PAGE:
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Obama's Day 100 at MO town hall

From NBC's Athena Jones

ARNOLD, Mo. -- President Obama marked the 100th day of his young presidency with an event here in the bluest of 2008's red states, taking stock of his accomplishments and the challenges ahead and fielding questions from a jam-packed high school gym.

Obama narrowly lost Missouri to John McCain -- by roughly 4,000 votes out of about three million cast -- making it the only true battleground he didn't win. He campaigned in the Show Me State just two days before Election Day, and today, he told the crowd of about 1,100 people here that he was glad to get out of Washington and come back to middle America "where common sense often reigns."

The president's own aides may be calling it a "Hallmark holiday," but that hasn't stopped them from trying to shape the narrative about this fledgling administration. Obama spent 22 minutes summarizing his first three-and-a-half months in office before opening it up to the floor.  

"After 100 days, I'm pleased with the progress we've made, but I'm not satisfied," he said. "I'm confident in the future, but I'm not contenct with the present."

In remarks that were reminiscent of campaign stump speeches, his February address to a joint session of Congress and a recent event at Georgetown University, Obama told the audience that he had inherited a nation facing huge challenges that could not be dealt with through "half-measures."

He talked about new jobs that were being created in Missouri and elsewhere as a result of the stimulus package, tax cuts for the middle class, the law he signed to protect equal pay, expanding health coverage for children, the plan he introduced to help stabilize the housing and financial markets, his plans to end the war in Iraq and to implement a new strategy in Afghanistan and Pakistan and his belief in the importance of renewed diplomacy and direct engagement with friends and foes around the world.

He also reminded the audience, as he does in almost every major speech, that the road to recovery would be long and that there were still many people struggling unemployment and health-care costs.

"You know that our progress has to be measured in the results that we achieve over many months and years, not the minute-by-minute talk in the media," he said. "And you know that progress comes from hard choices and hard work, not miracles. I'm not a miracle worker."

Arguing that there was still much work to be done, Obama spoke about the need to pass new rules to regulate Wall Street this year and to improve schools, to institute a market-based cap on carbon polluton and restore fiscal discipline.

In a return to the kind of populist rhetoric that was a hallmark of his speeches on the trail last fall, Obama said his campaign had not been born in Washington but in places like this, among  hard-working families, and he told the crowd he spent every day in the White House working for them.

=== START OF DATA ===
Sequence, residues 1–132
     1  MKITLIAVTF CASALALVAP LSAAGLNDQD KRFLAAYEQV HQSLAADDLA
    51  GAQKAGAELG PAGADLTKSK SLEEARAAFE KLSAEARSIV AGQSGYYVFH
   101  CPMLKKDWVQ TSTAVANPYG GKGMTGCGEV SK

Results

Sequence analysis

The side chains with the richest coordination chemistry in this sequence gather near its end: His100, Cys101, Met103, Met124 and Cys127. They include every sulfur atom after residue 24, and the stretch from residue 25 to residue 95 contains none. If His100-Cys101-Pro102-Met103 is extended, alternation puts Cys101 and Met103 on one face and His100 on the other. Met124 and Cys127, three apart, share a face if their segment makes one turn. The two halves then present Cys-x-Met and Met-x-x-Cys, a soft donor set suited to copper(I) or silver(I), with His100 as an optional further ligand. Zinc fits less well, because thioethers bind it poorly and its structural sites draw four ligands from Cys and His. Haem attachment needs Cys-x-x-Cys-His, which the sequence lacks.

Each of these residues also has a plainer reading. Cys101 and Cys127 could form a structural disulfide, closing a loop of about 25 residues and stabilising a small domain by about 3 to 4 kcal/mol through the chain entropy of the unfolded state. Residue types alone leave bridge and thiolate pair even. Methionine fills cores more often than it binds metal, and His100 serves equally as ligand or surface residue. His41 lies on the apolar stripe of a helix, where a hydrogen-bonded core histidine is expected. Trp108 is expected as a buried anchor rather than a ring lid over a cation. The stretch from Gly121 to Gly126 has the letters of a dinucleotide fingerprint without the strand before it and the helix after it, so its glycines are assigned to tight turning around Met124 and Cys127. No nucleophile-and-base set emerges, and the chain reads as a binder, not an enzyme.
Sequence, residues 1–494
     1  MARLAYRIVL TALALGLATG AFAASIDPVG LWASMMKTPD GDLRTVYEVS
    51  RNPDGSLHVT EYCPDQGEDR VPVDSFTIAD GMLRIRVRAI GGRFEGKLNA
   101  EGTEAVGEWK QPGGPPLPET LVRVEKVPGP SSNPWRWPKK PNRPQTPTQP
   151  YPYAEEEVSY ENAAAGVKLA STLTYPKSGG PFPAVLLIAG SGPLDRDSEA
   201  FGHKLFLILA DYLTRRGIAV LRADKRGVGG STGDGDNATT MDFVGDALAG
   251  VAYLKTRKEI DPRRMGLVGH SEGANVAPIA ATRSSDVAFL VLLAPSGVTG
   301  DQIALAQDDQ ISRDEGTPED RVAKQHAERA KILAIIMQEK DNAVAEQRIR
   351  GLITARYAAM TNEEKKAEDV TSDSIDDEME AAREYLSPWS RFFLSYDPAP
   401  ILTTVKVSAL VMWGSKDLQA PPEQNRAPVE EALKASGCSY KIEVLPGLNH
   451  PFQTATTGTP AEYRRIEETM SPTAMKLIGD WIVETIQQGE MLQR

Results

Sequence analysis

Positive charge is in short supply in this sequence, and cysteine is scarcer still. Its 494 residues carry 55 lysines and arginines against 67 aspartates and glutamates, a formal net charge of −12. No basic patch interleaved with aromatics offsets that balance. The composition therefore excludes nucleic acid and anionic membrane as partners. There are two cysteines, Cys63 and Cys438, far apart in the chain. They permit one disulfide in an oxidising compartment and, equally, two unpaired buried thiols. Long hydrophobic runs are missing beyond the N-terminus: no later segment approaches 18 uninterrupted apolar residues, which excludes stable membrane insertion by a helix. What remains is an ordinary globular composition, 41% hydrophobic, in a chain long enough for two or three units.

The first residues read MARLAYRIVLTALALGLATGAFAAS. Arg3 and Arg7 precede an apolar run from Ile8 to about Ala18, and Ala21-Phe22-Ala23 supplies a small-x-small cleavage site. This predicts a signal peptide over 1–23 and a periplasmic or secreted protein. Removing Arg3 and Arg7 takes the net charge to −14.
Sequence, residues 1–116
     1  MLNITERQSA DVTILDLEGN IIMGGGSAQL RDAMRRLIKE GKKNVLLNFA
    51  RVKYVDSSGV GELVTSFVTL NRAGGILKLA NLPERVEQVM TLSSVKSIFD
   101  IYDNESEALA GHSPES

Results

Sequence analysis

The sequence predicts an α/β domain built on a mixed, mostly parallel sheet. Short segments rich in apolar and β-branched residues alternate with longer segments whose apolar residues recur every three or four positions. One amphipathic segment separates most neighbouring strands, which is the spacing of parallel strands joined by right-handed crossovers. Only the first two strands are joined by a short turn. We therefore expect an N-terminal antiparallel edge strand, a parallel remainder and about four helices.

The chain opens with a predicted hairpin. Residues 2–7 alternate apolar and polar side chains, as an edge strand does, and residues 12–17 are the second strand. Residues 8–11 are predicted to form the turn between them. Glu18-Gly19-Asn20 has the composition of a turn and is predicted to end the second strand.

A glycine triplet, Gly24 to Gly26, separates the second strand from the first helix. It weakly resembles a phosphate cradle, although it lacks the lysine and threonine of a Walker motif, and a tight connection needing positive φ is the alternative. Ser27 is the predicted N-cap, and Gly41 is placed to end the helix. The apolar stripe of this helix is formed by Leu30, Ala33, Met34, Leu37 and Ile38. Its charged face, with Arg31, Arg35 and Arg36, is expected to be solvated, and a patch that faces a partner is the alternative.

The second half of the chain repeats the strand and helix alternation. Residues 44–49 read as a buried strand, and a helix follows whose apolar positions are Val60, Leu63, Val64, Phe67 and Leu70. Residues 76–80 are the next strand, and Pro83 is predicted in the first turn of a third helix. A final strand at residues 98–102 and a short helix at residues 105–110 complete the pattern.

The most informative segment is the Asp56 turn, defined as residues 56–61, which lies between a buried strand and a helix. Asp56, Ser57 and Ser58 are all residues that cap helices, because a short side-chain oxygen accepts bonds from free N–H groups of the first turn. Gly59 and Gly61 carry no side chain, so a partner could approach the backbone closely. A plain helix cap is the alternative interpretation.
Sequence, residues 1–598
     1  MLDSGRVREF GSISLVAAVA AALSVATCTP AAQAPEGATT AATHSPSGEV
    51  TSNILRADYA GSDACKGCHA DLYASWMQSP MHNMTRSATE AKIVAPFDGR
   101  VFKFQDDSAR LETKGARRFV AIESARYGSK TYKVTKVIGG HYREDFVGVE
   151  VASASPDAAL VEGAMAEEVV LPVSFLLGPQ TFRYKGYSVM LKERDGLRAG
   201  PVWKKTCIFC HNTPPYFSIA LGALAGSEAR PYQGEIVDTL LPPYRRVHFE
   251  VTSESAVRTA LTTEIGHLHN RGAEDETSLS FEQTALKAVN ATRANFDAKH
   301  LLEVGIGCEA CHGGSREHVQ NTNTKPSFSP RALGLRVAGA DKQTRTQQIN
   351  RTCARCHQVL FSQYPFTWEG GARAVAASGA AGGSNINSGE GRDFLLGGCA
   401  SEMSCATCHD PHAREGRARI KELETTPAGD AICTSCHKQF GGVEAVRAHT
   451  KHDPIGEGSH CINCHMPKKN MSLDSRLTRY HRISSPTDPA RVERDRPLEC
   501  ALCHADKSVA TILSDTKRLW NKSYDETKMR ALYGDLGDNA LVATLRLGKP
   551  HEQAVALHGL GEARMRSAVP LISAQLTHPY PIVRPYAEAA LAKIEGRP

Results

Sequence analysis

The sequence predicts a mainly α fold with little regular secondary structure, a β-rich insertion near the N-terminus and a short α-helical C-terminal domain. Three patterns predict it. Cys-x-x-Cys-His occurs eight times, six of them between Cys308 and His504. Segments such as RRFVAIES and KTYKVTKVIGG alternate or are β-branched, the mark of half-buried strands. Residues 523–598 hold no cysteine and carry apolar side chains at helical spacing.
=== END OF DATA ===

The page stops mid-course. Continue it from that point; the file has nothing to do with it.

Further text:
"I promise you, I will always tell you the truth about the challenges we face and the steps that we are taking to meet them," he said in closing. "I will continue to measure my progress by the progress that you see in your own lives."

The president then spent about 50 minutes taking six questions from the audience on the auto industry, education, how to fix social security and the environment. Ever on message, the president turned the conversation to health care at one point, without prodding, and reiterated his goal of passing health-care reform this year.

The crowd, made up of state and local officials, students and people who obtained their tickets through an Internet lottery, interrupted the president frequently with laughter and applause.

Missouri Sen. Claire McCaskill and Gov. Jay Nixon joined Obama at the event, along with top advisers David Axelrod, Valerie Jarrett, Mona Sutphen and Press Secretary Robert Gibbs.

Taking on critics, talking massages
In defending his efforts to tackle several areas at once by passing a massive stimulus package, Obama said he wanted to remind people who watch "certain news channels on which I'm not very popular" that his detractors were "playing games" when they sought to portray the $787 billion stimulus package as the source of the country's deficit problems.

He also sought to show his independence from his supporters by mentioning he had heard "some grumblings and complaints from certain factions in the Democratic Party" when he decided to send 17,000 additional troops to Afghanistan, but that this was necessary  to make sure Osama bin Laden and his "cronies" did not have a safe haven.

There was a funny moment during the Q and A when the president told one woman, a massage therapist, that he could use a rub down.

"My back's stiff," Obama said. "I've been working hard."

The crowd laughed when the woman responded: "I'll be happy to help ya."

Obama has made a point of getting out of what he calls the Washington echo chamber and speaking directly to people, often in swing states. It's a tactic he and his aides feel helps him use his popularity to win support for his initiatives. 

But today's escape was short-lived. Obama headed back to Washington after the event, stiff back and all, where he'll likely face tougher questioning from reporters at his third prime-time press conference.